the basic goals of which are to exploit student interaction during
lectures and focus students attention on underlying concepts.
Instead of presenting all material at the same level of detail
as covered in textbook or lecture notes, lectures consist of
a number of short presentations on key points each followed by
a "ConcepTest" - short conceptual questions on the
subject being discussed. The students are first given time to
formulate answers (and enter them via a CCS) and then asked to
discuss their answers with each other. This process (a) forces
the students to think through the arguments being developed,
and (b) provides them (as well as the teacher) with a way to
assess their understanding of the concept.
In this lecturing format Mazur uses about
one third of each lecture period for ConcepTests. He does not
reduce the amount of material covered in the course, but instead
requires students to read the textbook & lecture notes ahead
outside lectures. At the beginning of each class students receive
a brief quiz (via the CCS) on the reading assignment. Mazur can
see before he begins the class how well the assignment has been
The advantages of Peer Instruction are numerous.
Students report that they understand the subject better, enjoy
classes more, do more thinking in classes, come to class better
prepared, and feel that the professor is more in touch with their
difficulties in the course. In addition gains in conceptual understanding
are double those when he taught the course conventionally9.
Univ. of Massachusetts Physics & Harvard Business School
Prof. Elon Kohlberg at the Harvard Business
School uses techniques similar to those pioneered by the team
at UMass led by Profs. Bill Gerace & Jose Mestre. Both address
key issues by presenting relatively difficult conceptual questions
likely to cause splits in class position and stimulate discussion
in their 100-person classes. In the following example from one
of Kohlbergs classes, the first histogram was split more-or-less
evenly three ways. Kohlberg said, "I see that there are
some differences of opinion on this topic. Would someone whose
answer fell into the green bin like to explain your reasoning?"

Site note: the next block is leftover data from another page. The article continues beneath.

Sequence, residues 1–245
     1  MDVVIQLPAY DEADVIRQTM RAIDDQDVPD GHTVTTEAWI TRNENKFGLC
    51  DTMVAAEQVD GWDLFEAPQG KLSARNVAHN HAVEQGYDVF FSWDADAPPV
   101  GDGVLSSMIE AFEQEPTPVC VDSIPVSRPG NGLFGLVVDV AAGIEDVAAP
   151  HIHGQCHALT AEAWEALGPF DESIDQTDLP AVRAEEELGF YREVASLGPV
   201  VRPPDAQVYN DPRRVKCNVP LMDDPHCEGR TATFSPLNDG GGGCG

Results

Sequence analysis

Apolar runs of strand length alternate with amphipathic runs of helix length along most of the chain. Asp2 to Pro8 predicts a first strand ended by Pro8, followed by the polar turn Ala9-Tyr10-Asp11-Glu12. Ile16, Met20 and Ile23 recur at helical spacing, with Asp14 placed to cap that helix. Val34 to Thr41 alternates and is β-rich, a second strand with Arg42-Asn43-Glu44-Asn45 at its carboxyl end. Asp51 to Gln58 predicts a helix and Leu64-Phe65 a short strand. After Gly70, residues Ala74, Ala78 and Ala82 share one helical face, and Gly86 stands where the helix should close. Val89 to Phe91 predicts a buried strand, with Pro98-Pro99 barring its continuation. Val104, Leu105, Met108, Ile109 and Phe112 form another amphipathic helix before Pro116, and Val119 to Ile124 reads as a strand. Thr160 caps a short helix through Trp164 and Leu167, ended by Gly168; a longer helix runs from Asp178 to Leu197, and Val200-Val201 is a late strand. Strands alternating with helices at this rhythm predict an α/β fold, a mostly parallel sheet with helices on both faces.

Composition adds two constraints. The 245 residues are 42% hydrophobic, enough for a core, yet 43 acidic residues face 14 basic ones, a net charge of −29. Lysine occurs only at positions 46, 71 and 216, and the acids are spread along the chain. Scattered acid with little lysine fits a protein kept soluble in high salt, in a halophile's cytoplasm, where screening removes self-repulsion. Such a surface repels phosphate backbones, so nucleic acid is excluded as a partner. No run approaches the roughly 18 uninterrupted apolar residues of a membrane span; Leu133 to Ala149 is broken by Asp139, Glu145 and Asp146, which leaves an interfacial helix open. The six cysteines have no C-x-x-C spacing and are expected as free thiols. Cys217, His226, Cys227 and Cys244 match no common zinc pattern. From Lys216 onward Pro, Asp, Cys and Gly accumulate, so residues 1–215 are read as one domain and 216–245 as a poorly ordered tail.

then he continued in a similar way for the other bins
. "Now would anyone like to change their answers?"
the new histogram was split two ways
is interesting, I see we are still in disagreement,
At this point a good-looking young man in
the front row - his face flushed red - said, "You can see
we dont know where youre going with this. Why dont
you just tell us what you want?"
Elon replied, "Suppose you were in a
town & wanted to find a bar. If I told you where it was,
you might learn less about the town than if you had to find it
for yourself, - you also may have less fun doing it."
The young man hesitated, pulled out a scratch
pad and began writing. A few minutes later he presented an argument
that produced unanimity in the class.
Tabb Middle School, Tabb Virginia, 8th Grade -
Jan Andrews is an 8th grade math
teacher. Students push to get into her class to enter their homework
on a networked calculator. Jan uses a free-form five-question
skeleton set for collecting homework. Every day she identifies
five of the previous nights homework problems on the board.
She uses a free text binning because of its simplicity and manually
checks exceptions as they come in. Five minutes after the start
of class she knows who did their homework, who had problems,
& what these are. She will deal with them before moving onto
Sandhills Community College, Pinehurst, North Carolina -
Profs. Rick Swanson & Chris Roddy run
a class/lab of 20 students. They intersperse lecture with questions,
measurements, & discussion that can go in different directions
depending on students understanding. Students have TI-92s
which they use to take data or plug into the CCS network. Swanson
& Roddy cite a noticeably more positive classroom environment
and students like knowing how theyre doing compared to
others, in a non-threatening environment. Test scores have gone
University of Texas at El Paso, Political Science
Prof. Bob Webking teaches a 550 student class